A misplaced sense of gloom
I'm a great admirer of Sue Palmer and her work, but when I read some of her comments on her visit to Scotland last week, I wonder whether she isn't visiting another country of the same name, and whether perhaps she has made a wrong turning on the way to speaking at the Learning and Teaching Scotland conference "Towards the Vision".
Describing herself as at "home" in Edinburgh - she trained and taught here over 30 years ago - Palmer expresses her deep disappointment at an education system "where everyone is so terrified of sticking their head above the parapet that - despite devolution - education policy is constantly influenced by the flawed thinking issuing from Westminster".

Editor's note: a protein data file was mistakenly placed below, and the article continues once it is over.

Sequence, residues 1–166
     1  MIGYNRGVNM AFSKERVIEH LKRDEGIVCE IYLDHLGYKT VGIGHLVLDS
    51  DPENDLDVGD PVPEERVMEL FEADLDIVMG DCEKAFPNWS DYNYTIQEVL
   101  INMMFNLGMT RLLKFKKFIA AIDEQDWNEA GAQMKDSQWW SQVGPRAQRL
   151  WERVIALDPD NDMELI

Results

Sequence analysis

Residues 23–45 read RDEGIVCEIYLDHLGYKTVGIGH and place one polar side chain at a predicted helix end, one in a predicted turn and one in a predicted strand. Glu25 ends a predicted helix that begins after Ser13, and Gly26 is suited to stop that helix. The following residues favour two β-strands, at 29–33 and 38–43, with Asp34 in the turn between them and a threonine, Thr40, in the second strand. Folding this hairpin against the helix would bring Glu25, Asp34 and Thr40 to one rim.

This latter statement is so incredible I actually had to read it several times to make sure I hadn't misread it. Curriculum for Excellence is so diametrically opposed to educational policy south of the border it may as well have been written in a different language.
Further, in suggesting also that we should take a leaf out of the book of our Celtic friends in Wales, by dropping league tables, tests and targets, she has apparently failed to notice that, er, so has Scotland.
I'm sure that Sue's address to the LTS conference will have been positive, uplifting and inspiring, but I hope that she will also return home with a revised sense of the hugely positive strides forward that are being made in Scottish education, especially in the early years.
Bill Boyd, Independent Learning Consultant, The Literacy Adviser, Belleville Quadrant, Ayr.